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HomeZ- ARCHIVED CATEGORIES - DO NOT USECollege of Arts & SciencesBiology professors, Students Study Local Wetlands

Biology professors, Students Study Local Wetlands

Wetlands1.jpgBelmont biology professors Drs. Steve Murphree, Darlene Panvini and John Niedzwiecki enjoy being outdoors and slogging around in mud so the trio jumped at the chance to study a wetland on the Nissan North America campus in Franklin, Tennessee. David Withers, staff zoologist with the Tennessee Department of Environment and Conservation’s Division of Natural Heritage, had suggested the Belmont field biologists to Chris Fleming, a senior project scientist with BDY Environmental who had overseen work to develop the wetland.
After visiting the wetland in July 2009, the professors submitted a grant proposal to Nissan for equipment to work with Belmont biology students to monitor the flora and fauna for the next few years and create lists of the species observed. Rob Traynham, Nissan’s director of corporate services, has funded the grant and assisted in arranging access to the wetland for Belmont faculty and students. An ecology class led by Panvini visited the wetland in October to learn plant sampling protocols and explore concepts related to biodiversity assessment. Future visits will involve Belmont students and faculty inventorying vertebrate and macroinvertebrate animals, photographing flora and fauna for educational use, and raising awareness of the ecological importance of wetlands.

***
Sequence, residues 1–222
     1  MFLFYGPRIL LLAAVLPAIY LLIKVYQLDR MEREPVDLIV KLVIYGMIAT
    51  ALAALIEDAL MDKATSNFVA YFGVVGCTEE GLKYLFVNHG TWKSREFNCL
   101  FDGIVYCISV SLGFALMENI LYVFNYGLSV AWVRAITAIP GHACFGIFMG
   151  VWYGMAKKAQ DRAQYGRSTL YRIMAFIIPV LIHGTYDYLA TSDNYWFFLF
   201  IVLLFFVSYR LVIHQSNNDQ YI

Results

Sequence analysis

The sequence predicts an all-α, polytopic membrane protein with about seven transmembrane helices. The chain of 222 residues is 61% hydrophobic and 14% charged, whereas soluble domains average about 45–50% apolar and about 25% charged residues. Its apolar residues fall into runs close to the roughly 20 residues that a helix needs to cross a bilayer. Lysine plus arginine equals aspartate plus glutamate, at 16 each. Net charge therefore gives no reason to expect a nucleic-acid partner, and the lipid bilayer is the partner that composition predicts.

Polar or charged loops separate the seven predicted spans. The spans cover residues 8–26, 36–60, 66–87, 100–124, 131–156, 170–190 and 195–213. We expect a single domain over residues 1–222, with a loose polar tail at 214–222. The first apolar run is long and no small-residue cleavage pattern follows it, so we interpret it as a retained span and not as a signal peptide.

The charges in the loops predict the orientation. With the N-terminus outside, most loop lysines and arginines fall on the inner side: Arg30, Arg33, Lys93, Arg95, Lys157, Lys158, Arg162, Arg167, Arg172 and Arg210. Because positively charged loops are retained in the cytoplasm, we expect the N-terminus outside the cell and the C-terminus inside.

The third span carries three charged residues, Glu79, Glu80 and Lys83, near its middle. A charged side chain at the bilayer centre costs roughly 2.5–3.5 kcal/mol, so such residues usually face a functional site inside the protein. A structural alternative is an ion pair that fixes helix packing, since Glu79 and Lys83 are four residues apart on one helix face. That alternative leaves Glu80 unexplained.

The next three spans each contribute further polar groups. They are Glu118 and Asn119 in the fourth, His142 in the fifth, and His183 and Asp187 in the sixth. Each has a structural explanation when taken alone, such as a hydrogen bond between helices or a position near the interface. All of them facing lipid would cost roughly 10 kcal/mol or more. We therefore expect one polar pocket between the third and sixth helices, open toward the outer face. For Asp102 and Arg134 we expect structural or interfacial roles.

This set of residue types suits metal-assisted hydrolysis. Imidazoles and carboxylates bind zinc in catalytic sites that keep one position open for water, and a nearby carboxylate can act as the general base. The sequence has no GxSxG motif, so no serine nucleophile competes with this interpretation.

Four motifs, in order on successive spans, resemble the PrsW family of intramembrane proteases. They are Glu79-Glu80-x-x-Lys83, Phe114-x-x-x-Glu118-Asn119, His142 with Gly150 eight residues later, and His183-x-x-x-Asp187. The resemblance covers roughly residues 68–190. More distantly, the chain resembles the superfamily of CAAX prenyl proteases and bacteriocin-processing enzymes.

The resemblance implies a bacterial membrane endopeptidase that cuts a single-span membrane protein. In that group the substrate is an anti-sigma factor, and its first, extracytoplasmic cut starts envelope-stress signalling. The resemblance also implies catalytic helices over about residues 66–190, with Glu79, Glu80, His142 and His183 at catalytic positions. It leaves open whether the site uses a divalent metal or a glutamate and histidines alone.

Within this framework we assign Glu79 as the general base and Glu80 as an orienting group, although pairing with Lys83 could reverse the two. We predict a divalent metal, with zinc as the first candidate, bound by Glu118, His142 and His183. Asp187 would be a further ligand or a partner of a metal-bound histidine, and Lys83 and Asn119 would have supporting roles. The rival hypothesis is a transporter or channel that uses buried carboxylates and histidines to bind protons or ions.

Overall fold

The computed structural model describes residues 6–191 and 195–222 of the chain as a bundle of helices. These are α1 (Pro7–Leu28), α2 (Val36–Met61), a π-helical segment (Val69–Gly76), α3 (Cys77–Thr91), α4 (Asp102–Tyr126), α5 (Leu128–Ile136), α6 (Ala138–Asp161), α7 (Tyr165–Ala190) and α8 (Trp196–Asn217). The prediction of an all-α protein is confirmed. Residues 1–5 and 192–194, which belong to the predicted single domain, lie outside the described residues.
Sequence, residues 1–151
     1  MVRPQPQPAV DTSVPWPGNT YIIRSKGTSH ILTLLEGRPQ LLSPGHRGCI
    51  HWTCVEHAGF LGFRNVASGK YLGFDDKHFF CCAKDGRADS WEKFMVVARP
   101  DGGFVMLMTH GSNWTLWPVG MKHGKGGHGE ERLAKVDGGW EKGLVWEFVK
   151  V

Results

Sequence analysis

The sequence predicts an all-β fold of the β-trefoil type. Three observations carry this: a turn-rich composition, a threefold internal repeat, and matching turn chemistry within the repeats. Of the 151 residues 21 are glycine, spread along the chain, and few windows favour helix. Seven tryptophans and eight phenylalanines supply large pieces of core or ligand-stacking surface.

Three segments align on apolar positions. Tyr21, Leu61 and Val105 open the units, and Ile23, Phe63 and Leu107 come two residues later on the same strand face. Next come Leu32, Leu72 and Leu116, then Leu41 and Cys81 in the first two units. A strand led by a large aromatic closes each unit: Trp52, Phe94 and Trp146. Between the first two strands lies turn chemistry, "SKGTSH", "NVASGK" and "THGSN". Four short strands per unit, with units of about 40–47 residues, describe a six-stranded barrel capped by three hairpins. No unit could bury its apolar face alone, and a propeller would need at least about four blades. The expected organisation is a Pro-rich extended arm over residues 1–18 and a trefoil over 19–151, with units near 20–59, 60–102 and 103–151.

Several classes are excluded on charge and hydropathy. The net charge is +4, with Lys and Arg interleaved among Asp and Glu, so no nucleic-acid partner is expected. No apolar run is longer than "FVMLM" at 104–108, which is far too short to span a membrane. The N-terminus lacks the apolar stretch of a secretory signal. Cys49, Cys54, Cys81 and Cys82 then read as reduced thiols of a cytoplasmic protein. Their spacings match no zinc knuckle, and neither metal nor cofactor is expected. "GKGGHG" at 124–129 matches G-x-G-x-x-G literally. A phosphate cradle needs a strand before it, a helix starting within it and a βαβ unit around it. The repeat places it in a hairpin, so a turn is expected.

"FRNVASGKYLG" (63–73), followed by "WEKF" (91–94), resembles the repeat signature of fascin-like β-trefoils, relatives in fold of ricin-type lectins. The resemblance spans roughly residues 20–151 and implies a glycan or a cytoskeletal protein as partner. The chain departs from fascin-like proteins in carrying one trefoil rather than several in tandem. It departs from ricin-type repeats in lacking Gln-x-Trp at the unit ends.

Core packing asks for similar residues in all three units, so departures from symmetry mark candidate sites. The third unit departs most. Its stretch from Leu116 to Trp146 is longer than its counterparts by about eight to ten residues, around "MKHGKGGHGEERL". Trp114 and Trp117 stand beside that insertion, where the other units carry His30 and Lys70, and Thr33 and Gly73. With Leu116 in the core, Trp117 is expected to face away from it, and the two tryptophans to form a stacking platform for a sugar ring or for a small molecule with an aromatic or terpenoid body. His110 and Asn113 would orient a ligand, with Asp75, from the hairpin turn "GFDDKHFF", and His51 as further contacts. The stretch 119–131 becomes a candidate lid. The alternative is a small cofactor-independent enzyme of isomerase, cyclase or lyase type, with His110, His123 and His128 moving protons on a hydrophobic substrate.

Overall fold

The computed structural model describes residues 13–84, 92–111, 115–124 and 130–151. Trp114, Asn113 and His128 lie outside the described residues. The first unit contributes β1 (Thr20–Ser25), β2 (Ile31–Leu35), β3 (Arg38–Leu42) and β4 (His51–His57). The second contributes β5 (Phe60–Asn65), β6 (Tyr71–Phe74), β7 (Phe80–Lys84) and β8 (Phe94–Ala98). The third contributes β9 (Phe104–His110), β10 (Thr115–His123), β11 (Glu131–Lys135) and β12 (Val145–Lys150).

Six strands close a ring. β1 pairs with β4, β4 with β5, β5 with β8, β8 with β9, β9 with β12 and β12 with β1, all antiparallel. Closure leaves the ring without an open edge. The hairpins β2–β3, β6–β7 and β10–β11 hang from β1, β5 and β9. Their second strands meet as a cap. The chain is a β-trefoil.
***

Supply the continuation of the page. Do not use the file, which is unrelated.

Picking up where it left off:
In addition to class visits, biology and environmental science majors will find the wetland to be a valuable resource for undergraduate research projects. Belmont students often explore local wooded areas, cedar glades, and streams during labs; the Biology professors expect that exposing students to another habitat type in the Nashville area will also increase students’ appreciation and awe of the natural world. Nissan’s employees will also benefit from this partnership through a planned educational kiosk and boardwalk in the area.

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